Notice of Intention to Designate - 501 Vesta Drive
In the Matter of the Ontario Heritage Act R.S.O. 1990 Chapter 0.18 and 501 Vesta Drive, City of Toronto, Province of Ontario
Take notice that Toronto City Council intends to designate the lands and building known municipally as 501 Vesta Drive under Part IV, Section 29 of the Ontario Heritage Act.
Lady Edith J. Baillie House
Reasons for Designation
The property at 501 Vesta Drive is worthy of designation under Part IV, Section 29 of the Ontario Heritage Act for its cultural heritage value, and meets Ontario Regulation 9/06, the provincial criteria prescribed for municipal designation under all three categories of design-physical, historical-associative and contextual value.
Located on the east side of Vesta Drive just north of the junction with Old Forest Hill Road, the property at 501 Vesta Drive is part of a collection of residential properties in the Forest Hill neighbourhood, several of them designed by the same architect, Douglas E. Kertland. By provide a cohesive architectural character through their shared qualities of scale, form and massing, materials and details typical of the 1920s and 1930s, these properties create a sense of place. Built by Wilfred E. Whitten, who commissioned Kertland, the grand Arts and Crafts movement house with Tudor Revival style elements of two-and-a-half storeys features a variety of hipped and gabled roofs with prominent chimneys, bay windows and stone with stucco and half-timbering cladding. Originally owned by the philanthropist Lady Edith J. Baillie, widow of Sir Frank Baillie, the house was subsequently owned for over 60 years by the construction magnate and philanthropist Morry Wingold and his wife Sarah Wingold.
Statement of Cultural Heritage Value
The Lady Edith J. Baillie house has design value as an excellent representative of a grand Tudor Revival style house whose design reflects Arts and Crafts movement principles. The Arts and Crafts elements are present in the picturesque composition of the asymmetrical building massing and elevations, the combination of steeply pitched hipped and gabled roofs punctuated by dormers and tall chimneys, the recessed entry porch and projecting bay windows, the variety of window types, arched and flat-headed openings and the cladding which combines rough-cut stone of varying shades with smooth stone around the windows and door openings, and half-timbering on stucco in various patterns. The Tudor Revival style is expressed in the broad Tudor arch of the principal entry opening and panelled door, the wood shields on the west elevation and the half-timbering with carved corner columns on the south-facing, gable-roofed bay.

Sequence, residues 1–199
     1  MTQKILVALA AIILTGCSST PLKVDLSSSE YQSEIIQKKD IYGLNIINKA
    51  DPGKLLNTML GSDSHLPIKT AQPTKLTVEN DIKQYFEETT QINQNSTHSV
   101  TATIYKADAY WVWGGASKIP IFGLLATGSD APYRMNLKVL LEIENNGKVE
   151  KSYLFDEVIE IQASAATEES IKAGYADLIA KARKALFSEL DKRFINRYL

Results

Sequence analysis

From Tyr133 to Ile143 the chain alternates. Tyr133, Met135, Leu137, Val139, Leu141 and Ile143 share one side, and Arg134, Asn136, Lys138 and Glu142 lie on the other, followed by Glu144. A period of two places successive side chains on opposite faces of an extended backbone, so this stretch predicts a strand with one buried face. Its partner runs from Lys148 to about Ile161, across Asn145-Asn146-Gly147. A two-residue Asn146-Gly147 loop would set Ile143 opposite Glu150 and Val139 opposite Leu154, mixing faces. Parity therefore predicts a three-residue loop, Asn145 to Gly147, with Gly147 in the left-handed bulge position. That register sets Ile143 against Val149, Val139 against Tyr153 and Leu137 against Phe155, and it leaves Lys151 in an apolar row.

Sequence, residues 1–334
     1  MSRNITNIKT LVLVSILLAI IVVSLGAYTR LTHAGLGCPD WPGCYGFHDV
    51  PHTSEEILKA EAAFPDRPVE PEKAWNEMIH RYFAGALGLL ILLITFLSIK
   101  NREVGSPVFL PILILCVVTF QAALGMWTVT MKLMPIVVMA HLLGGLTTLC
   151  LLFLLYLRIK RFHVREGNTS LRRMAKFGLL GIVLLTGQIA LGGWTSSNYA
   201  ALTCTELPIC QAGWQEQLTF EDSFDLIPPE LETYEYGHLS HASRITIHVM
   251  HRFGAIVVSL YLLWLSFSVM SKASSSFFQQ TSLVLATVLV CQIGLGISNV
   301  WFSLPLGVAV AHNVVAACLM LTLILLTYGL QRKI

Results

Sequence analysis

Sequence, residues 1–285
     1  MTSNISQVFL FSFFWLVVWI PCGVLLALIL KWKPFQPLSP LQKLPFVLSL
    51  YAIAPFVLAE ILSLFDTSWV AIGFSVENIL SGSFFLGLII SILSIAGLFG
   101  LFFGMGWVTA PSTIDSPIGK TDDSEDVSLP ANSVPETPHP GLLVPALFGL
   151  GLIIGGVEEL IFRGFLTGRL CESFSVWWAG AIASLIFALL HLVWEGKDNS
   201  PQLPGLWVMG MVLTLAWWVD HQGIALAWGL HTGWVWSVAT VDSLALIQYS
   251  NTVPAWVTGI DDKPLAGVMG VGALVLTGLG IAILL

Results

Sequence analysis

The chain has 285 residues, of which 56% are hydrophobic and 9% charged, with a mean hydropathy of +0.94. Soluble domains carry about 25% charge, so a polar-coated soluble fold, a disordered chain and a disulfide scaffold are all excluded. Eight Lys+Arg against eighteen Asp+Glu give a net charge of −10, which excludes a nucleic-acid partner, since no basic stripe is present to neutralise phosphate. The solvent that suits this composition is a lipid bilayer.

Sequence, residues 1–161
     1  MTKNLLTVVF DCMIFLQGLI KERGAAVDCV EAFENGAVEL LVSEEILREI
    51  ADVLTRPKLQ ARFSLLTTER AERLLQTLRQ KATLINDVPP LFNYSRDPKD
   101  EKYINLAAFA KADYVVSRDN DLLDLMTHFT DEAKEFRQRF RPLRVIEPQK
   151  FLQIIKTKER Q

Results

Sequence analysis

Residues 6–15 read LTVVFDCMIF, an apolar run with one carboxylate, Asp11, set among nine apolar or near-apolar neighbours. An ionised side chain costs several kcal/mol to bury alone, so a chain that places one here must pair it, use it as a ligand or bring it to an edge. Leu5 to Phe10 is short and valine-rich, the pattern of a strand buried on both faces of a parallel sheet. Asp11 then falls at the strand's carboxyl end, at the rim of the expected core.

The Baillie house displays a high degree of artistic merit in the variety evident in the overall building massing, the combination of multiple gable and hipped roofs punctuated with dormers and tall chimneys and in the wealth of detail seen in the materials, including rough and smooth stone, stucco and half timbering, and the range of door and window opening combinations. A high degree of craftsmanship is present in the skilled carpentry required to construct the complex roofscape and in the masonry with its random patterns of various shades and shapes of stone with rough-hewn and smooth surfaces.
The siting of the house on its property with its principal south elevation facing the garden and the narrower, west side elevation facing Vesta Drive is characteristic of the informal quality of Arts and Crafts architecture which responds to the site's topography and orientation. This unusual arrangement is enhanced by the diagonal stone entry path which creates a north-east route to the principal entrance located at the south-west corner of the house with its stone steps and landscaped terraces.
The property has historic value as it has direct association with its first owner Lady Edith J. Baillie (1877-1965) who was recognized for her lifelong contribution to all forms of "public spirited work" during peace and war-times. Lady Baillie was the widow of Sir Frank Baillie who was knighted in 1918 for his war-time service to the British government and was a successful financier and innovative industrialist. The property is also valued for its association with Morry and Sarah Wingold who occupied the property for 60 years. Morry was the president of Wingold Construction and a well-known philanthropist, recognized for "his outstanding leadership and community service." After his death in 1983, Sarah continued living in the house until 2019.